It’s amazing how aware you become of your ingredients when you put a restriction (albeit not permanent) on what you can use, and if anything I was massively surprised at just how much I do rely on foodstuffs from our feathered friends. Cream in my coffee for breakfast, cheese on my salad at lunch, fish or chicken for dinner… The process was surprisingly enlightening, and I found myself using grains, vegetables, and nuts and legumes in new ways (a butternut squash and sunflower ‘mac’ and cheese coming soon!). I also just felt really great, in general. Alas, I do not identify myself as vegan – but rather in the camp that I think, as with all things, everything is good in moderation, and that trying new things (or trying to live without old mainstays) is good for the soul. And the waistband – these burgers would not only make even a non-veggie-curious diner happy, but they are significantly lighter than their beefy brethren.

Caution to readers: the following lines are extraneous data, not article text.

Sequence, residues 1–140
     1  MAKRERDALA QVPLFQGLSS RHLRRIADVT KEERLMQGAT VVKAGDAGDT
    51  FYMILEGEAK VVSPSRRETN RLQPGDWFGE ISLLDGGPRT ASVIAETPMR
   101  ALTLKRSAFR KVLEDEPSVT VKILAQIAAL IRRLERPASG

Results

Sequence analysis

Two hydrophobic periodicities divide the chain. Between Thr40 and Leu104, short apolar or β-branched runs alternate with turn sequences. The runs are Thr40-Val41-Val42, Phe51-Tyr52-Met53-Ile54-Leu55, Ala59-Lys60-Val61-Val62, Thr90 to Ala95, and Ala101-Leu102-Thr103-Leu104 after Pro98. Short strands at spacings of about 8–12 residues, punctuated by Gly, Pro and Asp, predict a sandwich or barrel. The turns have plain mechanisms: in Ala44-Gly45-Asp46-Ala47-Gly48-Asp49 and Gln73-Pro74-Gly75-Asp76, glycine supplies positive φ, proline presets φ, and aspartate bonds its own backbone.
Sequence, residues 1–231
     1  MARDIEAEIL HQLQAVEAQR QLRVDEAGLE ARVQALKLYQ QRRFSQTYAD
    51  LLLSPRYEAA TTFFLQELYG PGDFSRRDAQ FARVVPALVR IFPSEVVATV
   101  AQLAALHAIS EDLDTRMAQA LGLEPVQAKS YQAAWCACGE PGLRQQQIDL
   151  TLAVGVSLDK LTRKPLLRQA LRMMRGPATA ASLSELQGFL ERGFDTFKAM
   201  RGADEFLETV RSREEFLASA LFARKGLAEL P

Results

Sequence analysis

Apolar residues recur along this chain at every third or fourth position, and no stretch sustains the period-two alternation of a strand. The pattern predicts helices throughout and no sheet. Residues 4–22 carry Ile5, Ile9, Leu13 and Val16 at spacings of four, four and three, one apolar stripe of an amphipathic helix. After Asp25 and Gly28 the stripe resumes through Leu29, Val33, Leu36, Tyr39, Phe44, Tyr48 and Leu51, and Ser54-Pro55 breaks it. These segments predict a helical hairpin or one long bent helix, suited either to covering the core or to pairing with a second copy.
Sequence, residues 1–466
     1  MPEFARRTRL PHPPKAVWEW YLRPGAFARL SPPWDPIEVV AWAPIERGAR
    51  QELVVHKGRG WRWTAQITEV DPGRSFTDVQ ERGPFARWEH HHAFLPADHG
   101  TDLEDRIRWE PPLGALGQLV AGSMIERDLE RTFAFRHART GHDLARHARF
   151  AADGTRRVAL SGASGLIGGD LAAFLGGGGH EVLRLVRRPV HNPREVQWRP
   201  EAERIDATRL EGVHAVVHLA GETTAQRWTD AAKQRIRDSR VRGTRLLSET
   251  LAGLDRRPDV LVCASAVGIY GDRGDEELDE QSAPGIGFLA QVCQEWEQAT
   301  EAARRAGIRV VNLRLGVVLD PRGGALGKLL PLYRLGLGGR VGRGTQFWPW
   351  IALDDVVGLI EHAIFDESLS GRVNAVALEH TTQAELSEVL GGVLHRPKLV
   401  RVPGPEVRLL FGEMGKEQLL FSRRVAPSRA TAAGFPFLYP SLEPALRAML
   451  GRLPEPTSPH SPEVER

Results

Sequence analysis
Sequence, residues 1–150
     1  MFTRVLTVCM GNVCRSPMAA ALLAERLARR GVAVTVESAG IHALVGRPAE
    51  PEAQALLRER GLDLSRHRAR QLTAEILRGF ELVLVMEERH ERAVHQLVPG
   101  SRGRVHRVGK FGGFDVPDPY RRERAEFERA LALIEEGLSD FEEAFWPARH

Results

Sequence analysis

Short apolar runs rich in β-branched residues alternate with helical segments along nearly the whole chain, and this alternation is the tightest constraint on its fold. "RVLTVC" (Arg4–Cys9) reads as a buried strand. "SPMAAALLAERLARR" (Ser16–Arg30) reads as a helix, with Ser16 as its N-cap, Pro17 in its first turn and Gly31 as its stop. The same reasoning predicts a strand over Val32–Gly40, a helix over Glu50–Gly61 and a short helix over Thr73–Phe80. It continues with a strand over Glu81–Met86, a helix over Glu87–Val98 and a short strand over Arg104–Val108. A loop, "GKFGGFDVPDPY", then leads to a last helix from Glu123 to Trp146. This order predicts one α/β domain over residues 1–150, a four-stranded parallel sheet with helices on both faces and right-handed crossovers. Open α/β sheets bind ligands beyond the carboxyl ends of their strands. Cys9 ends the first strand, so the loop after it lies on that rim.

I’ve got a delicious (and dead simple!) grilled chicken recipe on deck, and a salmon curry that is everything that is good in this world. And these burgers were blessed with a goat cheese spread, a decidedly un-vegan addition that adds a drippy and creamy foil to the crisped up edges of the burger and – at least in my little ole opinion – gives my favorite old haunt’s burgers a run for their proverbial money. Goat cheese and beets is a classic pairing, but this is a fresh and fun new way to serve it up, perfect for Summertime, and just in time to perk up and refresh your typically meat-heavy July 4th barbecue.
*Another delicious variation on veggie burgers also seen here
I made these burgers exactly as called for below, only making the following changes:
1) I used a mix of red and yellow beets, as that is what I had on hand